They’re also incorporating fitness challenges and making them social by sharing them on facebook. It’s a great (gamified) idea, and it seems to be working. So I think they’ve got their content strategy down pretty well. I do have a beef, however, with the interaction design of this page: most of what you imagine to be clickable is not, and it’s indistinguishable from what is.
I’ll bet you can’t tell from looking at the screenshot what is and isn’t a link. (Answer: BIO>>, GET WET WORKOUTS> and INTERVIEW WITH JONNY & NATHALIE> are links. Nothing else on the page, including the other text with the same arrows is.) It’s actually pretty frustrating. On the other hand, is it going to make me leave the site once I’ve gotten this far? Does it make me not trust them? No, and no. It’s just a minor niggle.
I’m not quite as happy with their mobile experience, though. First of all, on Android (Galaxy S3), it’s just not nearly as pretty. Considering that they have over 300,000 Facebook fans and seem to do a pretty heavy marketing job on Facebook – which is getting more and more mobile – their mobile experience may often be the first port of call in the user journey. If I had first clicked through from my friend’s Facebook post on my phone, I would have had no idea what the Zaggora USP is. Here’s the landing page.
I would have assumed that it was normal workout clothing, rather than something imbued with ‘Celu-Lite’ technology that would make me thinner faster. And, the attractive image from the home page of the desktop site made me aspire to be like women who wear Zaggora; this – not so much.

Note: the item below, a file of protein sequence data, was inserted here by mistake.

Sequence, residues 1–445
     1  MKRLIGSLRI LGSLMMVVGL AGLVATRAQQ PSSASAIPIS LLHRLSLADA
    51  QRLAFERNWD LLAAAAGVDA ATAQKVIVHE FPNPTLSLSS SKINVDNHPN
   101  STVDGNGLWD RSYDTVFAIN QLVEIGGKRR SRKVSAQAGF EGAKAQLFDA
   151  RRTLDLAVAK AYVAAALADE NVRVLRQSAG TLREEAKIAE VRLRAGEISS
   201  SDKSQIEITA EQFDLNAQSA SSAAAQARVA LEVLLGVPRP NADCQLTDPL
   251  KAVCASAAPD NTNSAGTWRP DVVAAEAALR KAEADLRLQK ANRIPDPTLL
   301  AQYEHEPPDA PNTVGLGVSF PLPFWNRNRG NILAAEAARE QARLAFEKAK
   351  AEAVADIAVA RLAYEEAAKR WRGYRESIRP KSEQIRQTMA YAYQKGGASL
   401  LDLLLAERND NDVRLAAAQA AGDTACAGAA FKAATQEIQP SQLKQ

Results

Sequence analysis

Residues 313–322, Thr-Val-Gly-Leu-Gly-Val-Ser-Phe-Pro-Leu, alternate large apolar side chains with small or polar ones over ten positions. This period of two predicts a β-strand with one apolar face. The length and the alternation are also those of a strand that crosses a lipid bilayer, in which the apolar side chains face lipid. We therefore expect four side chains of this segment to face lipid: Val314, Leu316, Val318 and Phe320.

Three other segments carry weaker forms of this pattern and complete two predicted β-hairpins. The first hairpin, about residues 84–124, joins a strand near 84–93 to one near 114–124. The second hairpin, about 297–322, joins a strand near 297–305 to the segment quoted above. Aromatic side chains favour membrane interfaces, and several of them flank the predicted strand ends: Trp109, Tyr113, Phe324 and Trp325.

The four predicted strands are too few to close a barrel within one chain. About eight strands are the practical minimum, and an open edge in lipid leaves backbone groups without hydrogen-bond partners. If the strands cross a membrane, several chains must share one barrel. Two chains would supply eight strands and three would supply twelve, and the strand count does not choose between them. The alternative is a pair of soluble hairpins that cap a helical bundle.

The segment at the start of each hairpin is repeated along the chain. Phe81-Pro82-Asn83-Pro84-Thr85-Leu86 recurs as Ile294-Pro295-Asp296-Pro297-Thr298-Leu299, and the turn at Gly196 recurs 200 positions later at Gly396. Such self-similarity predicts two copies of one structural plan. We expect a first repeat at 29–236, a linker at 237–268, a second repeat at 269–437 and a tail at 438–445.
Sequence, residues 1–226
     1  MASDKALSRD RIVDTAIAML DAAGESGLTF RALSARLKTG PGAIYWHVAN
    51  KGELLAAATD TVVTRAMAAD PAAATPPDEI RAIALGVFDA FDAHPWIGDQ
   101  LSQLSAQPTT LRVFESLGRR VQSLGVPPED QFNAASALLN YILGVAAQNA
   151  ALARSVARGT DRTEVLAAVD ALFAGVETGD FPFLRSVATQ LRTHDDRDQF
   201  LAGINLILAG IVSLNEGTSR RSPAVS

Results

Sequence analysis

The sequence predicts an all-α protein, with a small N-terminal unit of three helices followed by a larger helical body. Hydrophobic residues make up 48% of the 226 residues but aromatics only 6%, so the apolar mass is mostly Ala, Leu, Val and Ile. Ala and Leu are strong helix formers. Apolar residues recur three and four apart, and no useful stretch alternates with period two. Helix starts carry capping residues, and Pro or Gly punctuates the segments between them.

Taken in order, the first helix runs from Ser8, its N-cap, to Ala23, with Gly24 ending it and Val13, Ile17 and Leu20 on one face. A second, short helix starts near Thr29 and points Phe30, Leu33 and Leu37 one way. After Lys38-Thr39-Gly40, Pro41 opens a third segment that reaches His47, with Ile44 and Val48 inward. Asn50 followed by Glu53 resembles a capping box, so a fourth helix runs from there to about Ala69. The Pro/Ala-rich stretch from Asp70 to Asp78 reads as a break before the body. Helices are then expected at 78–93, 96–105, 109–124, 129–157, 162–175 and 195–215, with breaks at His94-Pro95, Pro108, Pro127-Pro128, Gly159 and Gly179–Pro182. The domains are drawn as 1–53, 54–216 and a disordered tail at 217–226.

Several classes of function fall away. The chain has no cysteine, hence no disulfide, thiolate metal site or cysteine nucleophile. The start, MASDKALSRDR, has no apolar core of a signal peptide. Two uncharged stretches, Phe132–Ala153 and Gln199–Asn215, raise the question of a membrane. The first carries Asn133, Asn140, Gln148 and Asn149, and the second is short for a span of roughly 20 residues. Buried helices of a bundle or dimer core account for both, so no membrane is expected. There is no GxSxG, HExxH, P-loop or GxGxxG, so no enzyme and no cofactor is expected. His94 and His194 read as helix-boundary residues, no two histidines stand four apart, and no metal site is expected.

There are also some odd differences between what’s emphasized in the two versions. In the desktop version, the wish list, the cart, and the ‘my account’ are all hidden at the bottom of the page. This makes me very curious about their user journey; it’s clear that their mobile version is catering to existing customers, rather than attempting to hook new ones.
I personally might have looked at their mobile site for the first time to see what it was, then gone back to buy something on my laptop or desktop. (The jury is out on what I might have done with a tablet.) If that were the case, I would prefer the mobile site to be more intriguing, and the desktop site to give me better access to my account and my shopping cart.
But of course, more and more people are buying via mobile, no question about it. Apparently Net-a-Porter now sees the same level of sales through its app that it does from its website (source: POQ ), so it’s not a stretch to imagine that many Zaggora customers want a very quick buying experience from the mobile site. However, it’s also not a stretch to imagine that Zaggora’s mobile website might be the only contact a potential customer has with the brand, in which case the home page is not doing enough.
And the product pages are similarly uninspiring: there is a link to see larger / more photos, but when you click on it there isn’t much at all, unlike the plethora of good product photos on the desktop site. They do a good job of product descriptions, and many of the products have reviews farther down the page. However, there is no way to tell what size you take! That right there would keep me from buying from the mobile site unless I was already confident what my Zaggora size was.
There is also no link to the blog or the fitness page from the mobile site, which I find to be puzzling. If I had clicked through from Facebook while out and about, I’d be more interested in finding out what this brand was than immediately buying something. And then, if I were shopping for a healthy meal that I’d seen on their blog or trying an exercise from their fitness recommendations, I would want to be able to access it from my phone.
In summary: with the exception of a few niggles I really like what Zaggora has done with their desktop website, but I think they need to adjust their mobile experience so it works equally well for new visitors and existing customers.
[ And, am I buying? Having become a cheap Scot in my adopted country these past few years, maybe I’ll try wearing my wetsuit around the house for a few days first…]